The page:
The regular iPhone 11, in contrast, retains a glossy back, which is paired with a matte camera rectangle. This comes with the usual disadvantages of it being a classical finger-print magnet.
What we don’t see externally – but can definitely feel – is the increased battery capacity of the different models, with all of the phones getting larger (and often heavier) batteries. The regular iPhone 11 is the most non-eventful here as it only sees a 5.7% increase in capacity, bringing it to up to 3110mAh. Yet even with this capacity bump, Apple has held the weight of the phone to 194g, identical to the iPhone XR.
The iPhone 11 Pro and 11 Pro Max, on the other hand, have received substantial battery capacity increases. The 11 Pro gets a 14.5% increase over the XS, putting it at 3046mAh. This larger battery causes the phone's weight to increase by 11g, with the smallest of the iPhones now weighting 188g. The iPhone 11 Pro Max goes even further, receiving a massive 25% increase in battery capacity for a total of 3969mAh. This adds a further 18g to the weight of the phone, bringing it to a hefty 228g altogether.
Part of the reason why Apple has been able to increase the capacity of the 11 Pro Max's battery by so much as compared to the 11 Pro is due to a change in the layout of the battery itself. For the 11 Pro max, Apple has switched from a dual-cell battery configuration to a single-cell L-shaped battery; this effectively increases the actual battery volume inside the phone. The iPhone XS already made this transition last year, so there’s no changes for the 11 Pro in terms of battery layout.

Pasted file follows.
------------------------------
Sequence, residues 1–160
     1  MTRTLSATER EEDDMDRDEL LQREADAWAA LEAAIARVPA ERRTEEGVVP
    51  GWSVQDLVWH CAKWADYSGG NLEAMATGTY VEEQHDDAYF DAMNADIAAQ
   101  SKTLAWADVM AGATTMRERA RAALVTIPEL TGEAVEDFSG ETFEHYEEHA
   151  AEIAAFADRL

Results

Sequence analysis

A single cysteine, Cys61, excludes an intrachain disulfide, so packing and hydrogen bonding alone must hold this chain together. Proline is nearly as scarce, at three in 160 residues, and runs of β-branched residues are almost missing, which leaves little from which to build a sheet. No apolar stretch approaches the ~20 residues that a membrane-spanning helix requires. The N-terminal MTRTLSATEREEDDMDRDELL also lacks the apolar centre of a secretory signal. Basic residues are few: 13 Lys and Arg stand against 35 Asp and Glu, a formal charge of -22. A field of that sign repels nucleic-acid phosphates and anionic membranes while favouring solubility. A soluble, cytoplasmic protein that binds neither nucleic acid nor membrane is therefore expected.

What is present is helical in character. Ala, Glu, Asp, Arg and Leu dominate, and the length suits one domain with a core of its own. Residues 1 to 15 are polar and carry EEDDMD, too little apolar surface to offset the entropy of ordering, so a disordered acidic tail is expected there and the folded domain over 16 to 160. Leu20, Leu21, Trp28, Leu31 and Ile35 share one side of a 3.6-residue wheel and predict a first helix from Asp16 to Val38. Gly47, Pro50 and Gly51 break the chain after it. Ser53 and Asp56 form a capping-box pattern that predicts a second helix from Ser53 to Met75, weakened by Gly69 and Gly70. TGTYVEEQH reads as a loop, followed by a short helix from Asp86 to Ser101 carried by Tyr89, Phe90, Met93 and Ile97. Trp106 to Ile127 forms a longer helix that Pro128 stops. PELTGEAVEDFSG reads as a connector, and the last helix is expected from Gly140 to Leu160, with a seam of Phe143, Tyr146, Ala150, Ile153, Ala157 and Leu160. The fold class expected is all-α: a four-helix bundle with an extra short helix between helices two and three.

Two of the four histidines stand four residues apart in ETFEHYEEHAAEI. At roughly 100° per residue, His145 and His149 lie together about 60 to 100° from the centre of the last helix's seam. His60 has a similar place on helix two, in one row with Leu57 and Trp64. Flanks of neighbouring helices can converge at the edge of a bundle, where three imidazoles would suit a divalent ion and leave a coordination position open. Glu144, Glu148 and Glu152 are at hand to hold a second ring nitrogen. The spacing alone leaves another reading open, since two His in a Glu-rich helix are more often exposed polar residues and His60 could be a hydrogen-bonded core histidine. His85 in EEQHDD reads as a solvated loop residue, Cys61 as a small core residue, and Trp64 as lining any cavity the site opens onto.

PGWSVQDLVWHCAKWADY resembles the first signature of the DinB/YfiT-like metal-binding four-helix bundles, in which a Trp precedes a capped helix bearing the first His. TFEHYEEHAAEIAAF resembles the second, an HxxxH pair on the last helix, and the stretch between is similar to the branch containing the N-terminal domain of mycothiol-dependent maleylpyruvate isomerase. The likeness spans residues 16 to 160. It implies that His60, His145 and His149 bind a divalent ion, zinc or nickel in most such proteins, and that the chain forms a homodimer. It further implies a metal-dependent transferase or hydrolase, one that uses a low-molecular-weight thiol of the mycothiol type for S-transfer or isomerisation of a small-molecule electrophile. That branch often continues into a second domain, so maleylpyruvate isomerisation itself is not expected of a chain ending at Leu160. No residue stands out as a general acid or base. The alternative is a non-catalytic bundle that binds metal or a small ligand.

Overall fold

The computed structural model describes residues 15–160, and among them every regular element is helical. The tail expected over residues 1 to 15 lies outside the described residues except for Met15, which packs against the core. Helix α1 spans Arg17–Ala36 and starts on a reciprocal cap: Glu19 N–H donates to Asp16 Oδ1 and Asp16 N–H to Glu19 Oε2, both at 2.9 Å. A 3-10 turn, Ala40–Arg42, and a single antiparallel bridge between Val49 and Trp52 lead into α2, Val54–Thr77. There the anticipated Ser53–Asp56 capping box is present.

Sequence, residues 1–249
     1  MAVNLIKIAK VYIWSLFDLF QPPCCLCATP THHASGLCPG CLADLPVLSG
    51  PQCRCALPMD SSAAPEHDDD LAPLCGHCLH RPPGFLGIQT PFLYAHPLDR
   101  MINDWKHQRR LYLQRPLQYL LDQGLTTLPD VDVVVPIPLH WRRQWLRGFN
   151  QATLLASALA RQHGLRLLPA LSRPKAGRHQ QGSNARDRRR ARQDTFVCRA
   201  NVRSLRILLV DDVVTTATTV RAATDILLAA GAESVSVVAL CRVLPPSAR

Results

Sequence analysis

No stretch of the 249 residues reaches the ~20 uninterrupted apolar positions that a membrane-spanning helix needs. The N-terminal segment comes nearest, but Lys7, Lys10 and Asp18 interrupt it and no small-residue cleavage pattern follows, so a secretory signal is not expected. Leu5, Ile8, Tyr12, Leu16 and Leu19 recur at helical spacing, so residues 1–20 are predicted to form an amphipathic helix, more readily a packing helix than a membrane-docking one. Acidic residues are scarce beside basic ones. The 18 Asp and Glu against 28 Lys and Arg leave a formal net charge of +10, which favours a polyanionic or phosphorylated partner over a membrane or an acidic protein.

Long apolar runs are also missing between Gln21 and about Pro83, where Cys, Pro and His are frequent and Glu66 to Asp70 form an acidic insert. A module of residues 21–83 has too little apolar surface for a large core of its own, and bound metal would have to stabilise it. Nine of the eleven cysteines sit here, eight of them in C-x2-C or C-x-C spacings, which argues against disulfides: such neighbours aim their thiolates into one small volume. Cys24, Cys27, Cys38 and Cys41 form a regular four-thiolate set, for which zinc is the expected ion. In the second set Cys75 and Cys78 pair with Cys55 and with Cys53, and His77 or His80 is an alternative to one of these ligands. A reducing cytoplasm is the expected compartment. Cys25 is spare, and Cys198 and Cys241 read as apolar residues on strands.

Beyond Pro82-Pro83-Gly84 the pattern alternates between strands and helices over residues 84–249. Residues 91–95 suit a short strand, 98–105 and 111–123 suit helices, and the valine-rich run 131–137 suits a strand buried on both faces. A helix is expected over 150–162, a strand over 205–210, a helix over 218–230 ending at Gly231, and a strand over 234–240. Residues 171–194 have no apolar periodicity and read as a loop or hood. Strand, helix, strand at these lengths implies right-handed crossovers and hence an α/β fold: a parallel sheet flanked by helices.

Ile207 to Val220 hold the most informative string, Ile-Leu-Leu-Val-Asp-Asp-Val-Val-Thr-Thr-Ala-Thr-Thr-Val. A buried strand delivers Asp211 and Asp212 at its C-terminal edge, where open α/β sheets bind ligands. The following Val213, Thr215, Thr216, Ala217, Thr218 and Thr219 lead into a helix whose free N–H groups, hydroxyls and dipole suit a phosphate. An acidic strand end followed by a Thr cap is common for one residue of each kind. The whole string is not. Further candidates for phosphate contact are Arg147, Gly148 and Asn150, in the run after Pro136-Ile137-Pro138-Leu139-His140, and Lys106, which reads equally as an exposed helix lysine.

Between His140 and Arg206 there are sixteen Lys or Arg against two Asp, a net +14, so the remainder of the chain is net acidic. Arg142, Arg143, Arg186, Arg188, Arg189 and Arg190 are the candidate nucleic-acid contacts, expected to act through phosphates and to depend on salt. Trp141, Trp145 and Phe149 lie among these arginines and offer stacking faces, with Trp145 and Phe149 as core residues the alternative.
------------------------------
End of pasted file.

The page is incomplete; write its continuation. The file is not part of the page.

And regardless of whether the battery capacity changes were the cause or the effect, Apple has increased the body thickness of the Pro models by 0.4mm, bringing them to 8.1mm. The change in thickness is immediately noticeable when comparing the two generations, however it doesn’t fundamentally change the ergonomics of the new phones. Otherwise, the iPhone 11 retains the same thickness as the XR.
Speaking of the body, the back glass and camera bump are rather interesting in terms of their manufacturing – it’s all a single large piece of glass along with the raised rectangular protrusion, with a filleted bevel in the transition. The cameras modules each have their own dedicated circular raised metallic ring housing around them, but because this is now transitioned by the raised glass rectangle element, it no longer feels nearly as sharp as on Apple's earlier phones. This is despite the fact that the total Z-height of the cameras isn’t actually any different than on the iPhone XS. The camera glass is also actually the same diameter as its predecessors, however the thicker metallic ring makes it appear as if the cameras are just bigger and chunkier on the new series. We continue to see very small raised O-ring to prevent the camera glass directly touching surfaces and to prevent scratches.